(2441 – 2860 km)
Once again the landscape changes. The Pyrenees mountains appear on the horizon as the sandy beach and dunes slowly disappear. The architecture differs from the Cote d'Argent. Red and green are the dominant colours. The Basque Country.
First, I settle for a car park in Anglet. It's not pretty, but it's in a good strategic position. I'm right on the large town beach with several sections in case of waves. But there is also a bus stop in front of the site to get to the surrounding towns.
The first day I head for Biarritz. After a fifteen-minute bus ride, I get off just after the entrance to the town and walk to the lighthouse at the northern end of the town. Here I find some villas from Biarritz's heyday as a beach resort during the Belle Epoque. Unfortunately, much modern development has taken place since then and many of the old buildings have been overbuilt or demolished for modern hotels. Luckily, there are still a few beautiful corners left.
Unfortunately, the weather doesn't cooperate with the excursion. There are rain showers and short thunderstorms. I continue to Plage du Miramar and the neighbouring Grande Plage from the lighthouse. Here is the Hotel du Palais, Biarritz's face in reports and postcards, and the casino. There are also a few surfers who take advantage of their lunch break to catch a few waves. At Cape Rocher de la Vierge, I see the Pyrenees, distant and fogged, for the first time.
It's time for a stroll through the shopping district, with its many newly renovated houses, and then it's time for the bus back.
A thunderstorm hit overnight and continued to rain all morning. Around noon, the rain radar indicated that there would be no rain in the afternoon, so I took the bus to Bayonne. After a bus ride of forty-five minutes, I arrive right in the centre of Bayonne, at the bus station on the Place des Basques. From here it is only a few steps to the old town and the large cathedral of Bayonne, Sainte-Marie.
As the old town is a pedestrian zone, I can wander through the narrow streets between the old Basque-style buildings with all kinds of shops and end up on the banks of the Nive.
On the other side of the river is the Petit Bayonne district. Not as much renovation work has been done here as has been done on the other side of the river in the Grand Bayonne district. After a visit to the museum of Basque history, I head back across the river for a visit to the cathedral cloister just before the gates close.
The next stop on the French part of the Basque Country is Saint Jean du Luz. Unfortunately, stuck between the main road and the railway line, the campsite is completely full. I prefer to camp inland and find a lovely campsite at St Pee sur Neville at the foot of the Pyrenees. The site is ideal for taking the bus to Saint Jean du Luz and visiting some inland places.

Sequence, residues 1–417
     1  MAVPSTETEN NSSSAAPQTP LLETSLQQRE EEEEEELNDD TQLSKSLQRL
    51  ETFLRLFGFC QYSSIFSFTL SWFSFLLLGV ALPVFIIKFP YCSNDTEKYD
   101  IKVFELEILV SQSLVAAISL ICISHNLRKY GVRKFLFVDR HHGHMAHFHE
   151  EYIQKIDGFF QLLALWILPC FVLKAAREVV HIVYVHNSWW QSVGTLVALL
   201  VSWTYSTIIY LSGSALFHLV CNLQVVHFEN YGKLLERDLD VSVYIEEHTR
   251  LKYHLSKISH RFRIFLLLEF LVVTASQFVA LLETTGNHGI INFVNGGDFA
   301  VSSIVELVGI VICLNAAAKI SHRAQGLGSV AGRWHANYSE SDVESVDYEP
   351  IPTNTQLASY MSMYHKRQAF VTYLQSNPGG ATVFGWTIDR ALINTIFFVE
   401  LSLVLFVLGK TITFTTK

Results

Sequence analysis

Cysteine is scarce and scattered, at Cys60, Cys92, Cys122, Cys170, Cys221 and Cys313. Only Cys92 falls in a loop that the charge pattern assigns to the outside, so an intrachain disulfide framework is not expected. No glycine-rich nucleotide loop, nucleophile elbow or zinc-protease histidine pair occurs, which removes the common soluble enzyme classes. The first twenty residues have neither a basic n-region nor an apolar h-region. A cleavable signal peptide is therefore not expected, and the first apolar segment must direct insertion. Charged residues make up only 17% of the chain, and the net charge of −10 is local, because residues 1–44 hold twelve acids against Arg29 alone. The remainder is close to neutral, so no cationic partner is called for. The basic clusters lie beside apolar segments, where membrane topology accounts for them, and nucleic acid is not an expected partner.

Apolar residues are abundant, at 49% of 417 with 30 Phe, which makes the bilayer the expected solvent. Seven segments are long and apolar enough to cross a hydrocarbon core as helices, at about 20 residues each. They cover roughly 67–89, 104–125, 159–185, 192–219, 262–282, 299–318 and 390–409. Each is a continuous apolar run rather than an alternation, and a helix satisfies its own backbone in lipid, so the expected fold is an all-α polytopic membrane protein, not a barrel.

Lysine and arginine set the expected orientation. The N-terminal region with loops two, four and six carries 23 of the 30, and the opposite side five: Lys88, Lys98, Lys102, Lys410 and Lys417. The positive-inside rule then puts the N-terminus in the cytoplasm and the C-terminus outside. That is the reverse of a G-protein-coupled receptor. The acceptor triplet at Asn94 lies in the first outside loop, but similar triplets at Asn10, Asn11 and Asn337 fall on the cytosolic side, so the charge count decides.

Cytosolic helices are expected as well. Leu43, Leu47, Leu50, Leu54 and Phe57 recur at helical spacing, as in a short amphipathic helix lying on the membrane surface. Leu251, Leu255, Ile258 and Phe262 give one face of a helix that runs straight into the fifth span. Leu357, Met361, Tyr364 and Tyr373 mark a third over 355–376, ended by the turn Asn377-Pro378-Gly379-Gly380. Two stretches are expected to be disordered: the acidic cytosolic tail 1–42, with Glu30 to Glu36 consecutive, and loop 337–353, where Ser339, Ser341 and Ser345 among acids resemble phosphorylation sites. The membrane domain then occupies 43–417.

Saint Jean du Luz is a small seaside resort with a number of historic buildings and a nice shopping street.
The next day I head inland. My first stop is the Sare cave. A huge cave in which even bats are buzzing around.
Unfortunately, due to fog on the mountain, the rack-railway trip to the top of the Rhûne at 905m has been cancelled. It is still possible to go up by train. However, to be fair, you will be informed of the visibility conditions at the ticket office.
Villa Arnaga, once owned by the French writer Edmond Rostand, is the last stop. Walking through a classic French park, I arrive at a large Basque-styled Villa. Inside is the Edmond Rostand Museum. The rooms of the villa are all furnished in the style of the period around 1900. They are decorated with objects from the writer's work for the theatre. Cyrano de Bergerac is his most famous character, and he is everywhere.
It's time to leave France for the Spanish part of the Basque Country. My first stop is San Sebastian. This is another seaside resort that made its name during the Belle Époque. I arrive at lunchtime and head straight for the old quarter to satisfy my hunger in one of the many pintxos bars with a range of delicious and varied snacks. Freshly fortified, I climb Mount Urgull at the end of La Concha Bay and enjoy the view over San Sebastian.
Back in the old town, I drift through the narrow streets and along the beach promenade.
It's not too late to continue to Zarrutz, one of Spain's most famous surfing beaches. The campsite is situated on top of a cliff and you can see the whole of the beach from here. The next day I went down the cliff and caught a few waves. And then I have to go back up to the top of the cliff. That takes almost as much energy as surfing.
I leave the Basque Country via Bakio and make my next longer stop in San Vicente de la Barquera in Cantabria.
Viele Grüsse, Thomas